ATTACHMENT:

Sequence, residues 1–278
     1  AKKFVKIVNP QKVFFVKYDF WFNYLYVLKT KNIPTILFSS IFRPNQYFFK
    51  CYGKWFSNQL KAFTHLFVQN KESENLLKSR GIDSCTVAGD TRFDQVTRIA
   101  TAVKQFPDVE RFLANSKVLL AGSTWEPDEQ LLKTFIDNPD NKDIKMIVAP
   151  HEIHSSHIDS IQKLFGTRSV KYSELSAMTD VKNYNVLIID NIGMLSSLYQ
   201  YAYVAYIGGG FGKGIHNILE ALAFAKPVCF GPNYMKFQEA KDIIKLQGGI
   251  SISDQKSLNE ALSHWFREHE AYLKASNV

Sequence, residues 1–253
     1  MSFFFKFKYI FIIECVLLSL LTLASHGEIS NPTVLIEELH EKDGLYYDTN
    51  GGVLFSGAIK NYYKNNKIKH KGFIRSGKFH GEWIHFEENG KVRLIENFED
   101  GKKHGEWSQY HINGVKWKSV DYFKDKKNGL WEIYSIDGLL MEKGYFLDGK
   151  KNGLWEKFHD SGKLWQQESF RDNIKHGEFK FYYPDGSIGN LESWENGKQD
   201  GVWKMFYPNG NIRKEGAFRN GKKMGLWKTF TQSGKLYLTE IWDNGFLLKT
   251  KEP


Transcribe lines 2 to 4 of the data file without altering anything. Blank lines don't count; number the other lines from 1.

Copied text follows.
     1  AKKFVKIVNP QKVFFVKYDF WFNYLYVLKT KNIPTILFSS IFRPNQYFFK
    51  CYGKWFSNQL KAFTHLFVQN KESENLLKSR GIDSCTVAGD TRFDQVTRIA
   101  TAVKQFPDVE RFLANSKVLL AGSTWEPDEQ LLKTFIDNPD NKDIKMIVAP